Translate an expression to sql

translate_sql( ..., con = NULL, vars = character(), vars_group = NULL, vars_order = NULL, vars_frame = NULL, window = TRUE ) translate_sql_( dots, con = NULL, vars_group = NULL, vars_order = NULL, vars_frame = NULL, window = TRUE, context = list() )

..., dots | Expressions to translate. |
---|---|

con | An optional database connection to control the details of
the translation. The default, |

vars | Deprecated. Now call |

vars_group, vars_order, vars_frame | Parameters used in the |

window | Use |

context | Use to carry information for special translation cases. For example, MS SQL needs a different conversion for is.na() in WHERE vs. SELECT clauses. Expects a list. |

The base translator, `base_sql`

, provides custom mappings for for
commonly used base functions including logical (`!`

, `&`

, `|`

),
arithmetic (`^`

), and comparison (`!=`

) operators, as well as common
summary (`mean()`

, `var()`

) and manipulation functions.

All other functions will be preserved as is. R's infix functions
(e.g. `%like%`

) will be converted to their SQL equivalents (e.g. `LIKE`

).
You can use this to access SQL string concatenation: `||`

is mapped to
`OR`

, but `%||%`

is mapped to `||`

. To suppress this behaviour, and force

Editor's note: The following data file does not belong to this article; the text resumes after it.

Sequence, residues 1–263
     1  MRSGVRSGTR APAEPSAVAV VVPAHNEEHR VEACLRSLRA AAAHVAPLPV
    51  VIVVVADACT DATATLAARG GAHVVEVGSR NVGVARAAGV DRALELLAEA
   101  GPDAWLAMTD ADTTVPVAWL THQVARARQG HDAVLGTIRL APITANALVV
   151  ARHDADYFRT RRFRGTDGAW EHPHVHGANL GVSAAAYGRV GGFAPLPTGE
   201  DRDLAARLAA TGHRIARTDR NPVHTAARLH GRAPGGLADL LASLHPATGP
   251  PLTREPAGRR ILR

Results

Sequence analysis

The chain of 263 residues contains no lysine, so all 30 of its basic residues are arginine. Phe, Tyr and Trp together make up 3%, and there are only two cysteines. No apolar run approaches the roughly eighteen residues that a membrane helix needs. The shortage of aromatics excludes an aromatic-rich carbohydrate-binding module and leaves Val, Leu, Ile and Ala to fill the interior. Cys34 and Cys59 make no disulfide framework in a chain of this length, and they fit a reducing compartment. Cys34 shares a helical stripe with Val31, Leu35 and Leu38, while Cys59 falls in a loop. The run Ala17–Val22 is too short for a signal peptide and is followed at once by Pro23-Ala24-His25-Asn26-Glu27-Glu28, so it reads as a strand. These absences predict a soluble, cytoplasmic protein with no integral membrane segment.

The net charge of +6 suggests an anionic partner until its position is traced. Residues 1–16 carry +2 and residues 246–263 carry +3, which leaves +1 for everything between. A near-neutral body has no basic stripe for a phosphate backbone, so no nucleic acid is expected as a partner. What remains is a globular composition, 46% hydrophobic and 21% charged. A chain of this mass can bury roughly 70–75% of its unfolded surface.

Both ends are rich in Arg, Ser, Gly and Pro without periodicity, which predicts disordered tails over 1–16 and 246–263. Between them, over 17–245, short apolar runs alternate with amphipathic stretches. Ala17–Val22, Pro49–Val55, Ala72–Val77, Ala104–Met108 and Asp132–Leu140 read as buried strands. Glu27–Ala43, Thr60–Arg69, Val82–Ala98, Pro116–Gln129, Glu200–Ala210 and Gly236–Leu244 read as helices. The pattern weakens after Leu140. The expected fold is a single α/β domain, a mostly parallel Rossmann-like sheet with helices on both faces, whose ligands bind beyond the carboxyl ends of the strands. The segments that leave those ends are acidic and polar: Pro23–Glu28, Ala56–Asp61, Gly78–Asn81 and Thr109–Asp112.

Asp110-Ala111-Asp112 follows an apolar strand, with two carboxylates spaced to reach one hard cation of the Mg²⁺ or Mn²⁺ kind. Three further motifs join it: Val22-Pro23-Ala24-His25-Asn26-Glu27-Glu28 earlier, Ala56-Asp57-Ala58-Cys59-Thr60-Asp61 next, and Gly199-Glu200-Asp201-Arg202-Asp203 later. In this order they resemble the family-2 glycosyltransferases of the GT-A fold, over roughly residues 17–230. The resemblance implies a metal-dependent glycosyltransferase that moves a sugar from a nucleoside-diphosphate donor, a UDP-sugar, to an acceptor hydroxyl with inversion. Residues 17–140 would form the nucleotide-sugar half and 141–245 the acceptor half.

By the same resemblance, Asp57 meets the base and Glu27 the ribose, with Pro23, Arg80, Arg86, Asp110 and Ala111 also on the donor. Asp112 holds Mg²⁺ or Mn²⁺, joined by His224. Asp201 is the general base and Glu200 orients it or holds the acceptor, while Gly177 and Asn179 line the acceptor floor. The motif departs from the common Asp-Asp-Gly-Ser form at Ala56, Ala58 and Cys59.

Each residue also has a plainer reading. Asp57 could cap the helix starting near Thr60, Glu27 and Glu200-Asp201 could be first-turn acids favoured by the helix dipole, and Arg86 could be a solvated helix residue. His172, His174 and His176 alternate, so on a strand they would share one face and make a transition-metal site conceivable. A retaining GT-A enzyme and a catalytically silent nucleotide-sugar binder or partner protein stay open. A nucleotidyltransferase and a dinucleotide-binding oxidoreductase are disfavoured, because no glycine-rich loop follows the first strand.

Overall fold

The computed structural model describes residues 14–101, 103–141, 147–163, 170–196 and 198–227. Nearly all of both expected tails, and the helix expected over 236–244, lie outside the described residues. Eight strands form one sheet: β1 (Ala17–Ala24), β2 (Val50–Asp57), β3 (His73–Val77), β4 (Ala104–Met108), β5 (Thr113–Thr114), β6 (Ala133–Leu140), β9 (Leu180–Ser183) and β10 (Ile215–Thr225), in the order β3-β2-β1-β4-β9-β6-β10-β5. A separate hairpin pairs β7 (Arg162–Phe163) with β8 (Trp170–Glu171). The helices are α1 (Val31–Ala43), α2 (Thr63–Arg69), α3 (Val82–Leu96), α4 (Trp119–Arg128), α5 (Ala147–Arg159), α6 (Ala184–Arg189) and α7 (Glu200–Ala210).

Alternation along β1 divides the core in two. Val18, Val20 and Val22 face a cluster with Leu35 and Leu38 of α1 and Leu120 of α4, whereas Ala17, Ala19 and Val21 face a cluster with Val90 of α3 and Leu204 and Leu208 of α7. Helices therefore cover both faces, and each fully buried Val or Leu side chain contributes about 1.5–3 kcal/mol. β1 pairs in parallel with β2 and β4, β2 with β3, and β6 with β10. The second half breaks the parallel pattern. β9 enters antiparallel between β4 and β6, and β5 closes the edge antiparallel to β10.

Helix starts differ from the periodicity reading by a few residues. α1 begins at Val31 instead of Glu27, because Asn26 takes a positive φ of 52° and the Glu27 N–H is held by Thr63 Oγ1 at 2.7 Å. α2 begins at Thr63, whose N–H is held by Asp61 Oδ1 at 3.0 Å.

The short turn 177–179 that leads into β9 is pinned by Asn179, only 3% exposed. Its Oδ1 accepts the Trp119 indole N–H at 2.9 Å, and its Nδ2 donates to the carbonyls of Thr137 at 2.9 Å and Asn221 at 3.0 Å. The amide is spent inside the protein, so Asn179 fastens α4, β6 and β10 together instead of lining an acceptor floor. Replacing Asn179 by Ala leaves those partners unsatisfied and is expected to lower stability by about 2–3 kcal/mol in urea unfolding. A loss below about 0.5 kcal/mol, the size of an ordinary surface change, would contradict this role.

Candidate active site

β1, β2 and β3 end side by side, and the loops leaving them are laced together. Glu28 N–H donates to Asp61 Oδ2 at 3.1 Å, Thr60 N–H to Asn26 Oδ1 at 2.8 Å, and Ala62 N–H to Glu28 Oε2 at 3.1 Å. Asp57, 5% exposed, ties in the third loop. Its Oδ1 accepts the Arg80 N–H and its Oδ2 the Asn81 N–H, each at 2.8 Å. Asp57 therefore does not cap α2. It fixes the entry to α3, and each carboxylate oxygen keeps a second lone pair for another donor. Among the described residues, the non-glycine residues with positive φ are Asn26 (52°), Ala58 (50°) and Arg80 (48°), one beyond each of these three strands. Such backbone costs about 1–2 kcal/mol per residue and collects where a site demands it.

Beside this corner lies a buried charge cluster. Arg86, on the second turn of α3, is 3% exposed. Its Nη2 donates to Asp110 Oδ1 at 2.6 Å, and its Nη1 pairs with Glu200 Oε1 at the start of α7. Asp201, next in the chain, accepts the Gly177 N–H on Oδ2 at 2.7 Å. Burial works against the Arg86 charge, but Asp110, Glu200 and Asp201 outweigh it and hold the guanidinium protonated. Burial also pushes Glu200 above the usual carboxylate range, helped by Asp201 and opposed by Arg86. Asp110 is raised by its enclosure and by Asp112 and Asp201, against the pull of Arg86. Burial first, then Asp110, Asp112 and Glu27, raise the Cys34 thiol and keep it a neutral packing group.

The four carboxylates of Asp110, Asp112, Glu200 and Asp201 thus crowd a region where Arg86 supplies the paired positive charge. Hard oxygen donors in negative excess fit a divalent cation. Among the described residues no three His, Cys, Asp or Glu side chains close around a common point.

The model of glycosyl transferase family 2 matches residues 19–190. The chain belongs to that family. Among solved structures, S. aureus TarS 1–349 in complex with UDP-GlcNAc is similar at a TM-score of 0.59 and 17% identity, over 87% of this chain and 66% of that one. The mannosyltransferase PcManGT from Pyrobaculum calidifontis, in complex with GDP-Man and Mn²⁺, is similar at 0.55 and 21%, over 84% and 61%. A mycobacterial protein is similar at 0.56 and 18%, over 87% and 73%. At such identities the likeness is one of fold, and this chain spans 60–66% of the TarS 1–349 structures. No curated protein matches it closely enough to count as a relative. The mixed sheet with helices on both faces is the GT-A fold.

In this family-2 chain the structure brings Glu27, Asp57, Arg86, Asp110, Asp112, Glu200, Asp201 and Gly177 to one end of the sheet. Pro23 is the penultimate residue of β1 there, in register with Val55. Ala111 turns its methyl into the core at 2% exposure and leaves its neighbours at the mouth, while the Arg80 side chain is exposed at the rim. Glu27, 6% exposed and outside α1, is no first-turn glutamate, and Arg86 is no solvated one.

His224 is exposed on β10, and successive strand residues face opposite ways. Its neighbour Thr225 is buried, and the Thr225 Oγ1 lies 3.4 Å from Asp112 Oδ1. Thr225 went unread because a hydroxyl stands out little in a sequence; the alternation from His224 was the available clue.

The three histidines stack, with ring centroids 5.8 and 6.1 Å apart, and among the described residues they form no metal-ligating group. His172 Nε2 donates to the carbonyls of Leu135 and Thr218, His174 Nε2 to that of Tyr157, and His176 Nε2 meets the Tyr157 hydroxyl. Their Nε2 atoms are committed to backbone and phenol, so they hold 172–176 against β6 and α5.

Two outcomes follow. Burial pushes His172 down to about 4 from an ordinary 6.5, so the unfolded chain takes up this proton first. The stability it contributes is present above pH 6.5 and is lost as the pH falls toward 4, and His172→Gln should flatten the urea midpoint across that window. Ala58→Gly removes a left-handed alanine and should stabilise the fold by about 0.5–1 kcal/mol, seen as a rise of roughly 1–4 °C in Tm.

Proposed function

errors immediately when dplyr doesn't know how to translate a function it
encounters, using set the `dplyr.strict_sql`

option to `TRUE`

.

You can also use `sql()`

to insert a raw sql string.

The SQLite variant currently only adds one additional function: a mapping
from `sd()`

to the SQL aggregation function `STDEV`

.

# Regular maths is translated in a very straightforward way translate_sql(x + 1)#> <SQL> `x` + 1.0#> <SQL> SIN(`x`) + TAN(`y`)# Note that all variable names are escaped translate_sql(like == "x")#> <SQL> `like` = 'x'# In ANSI SQL: "" quotes variable _names_, '' quotes strings # Logical operators are converted to their sql equivalents translate_sql(x < 5 & !(y >= 5))#> <SQL> `x` < 5.0 AND NOT((`y` >= 5.0))#> <SQL> `x` OR `y` AND NOT (`x` AND `y`)# If is translated into case when translate_sql(if (x > 5) "big" else "small")#> <SQL> CASE WHEN (`x` > 5.0) THEN ('big') WHEN NOT(`x` > 5.0) THEN ('small') END# Infix functions are passed onto SQL with % removed translate_sql(first %like% "Had%")#> <SQL> `first` like 'Had%'translate_sql(first %is% NA)#> <SQL> `first` is NULL#> <SQL> `first` IN ('John', 'Roger', 'Robert')# And be careful if you really want integers translate_sql(x == 1)#> <SQL> `x` = 1.0translate_sql(x == 1L)#> <SQL> `x` = 1# If you have an already quoted object, use translate_sql_: x <- quote(y + 1 / sin(t)) translate_sql_(list(x), con = simulate_dbi())#> <SQL> `y` + 1.0 / SIN(`t`)# Windowed translation -------------------------------------------- # Known window functions automatically get OVER() translate_sql(mpg > mean(mpg))#> Warning: Missing values are always removed in SQL. #> Use `AVG(x, na.rm = TRUE)` to silence this warning #> This warning is displayed only once per session.#> <SQL> `mpg` > AVG(`mpg`) OVER ()#> Warning: Missing values are always removed in SQL. #> Use `mean(x, na.rm = TRUE)` to silence this warning #> This warning is displayed only once per session.#> <SQL> `mpg` > AVG(`mpg`)#> <SQL> `mpg` > AVG(`mpg`) OVER (PARTITION BY `cyl`)#> Warning: Windowed expression 'SUM(`mpg`)' does not have explicit order. #> Please use arrange() or window_order() to make determinstic.#> <SQL> SUM(`mpg`) OVER (ROWS UNBOUNDED PRECEDING)#> <SQL> SUM(`mpg`) OVER (ORDER BY `mpg` ROWS UNBOUNDED PRECEDING)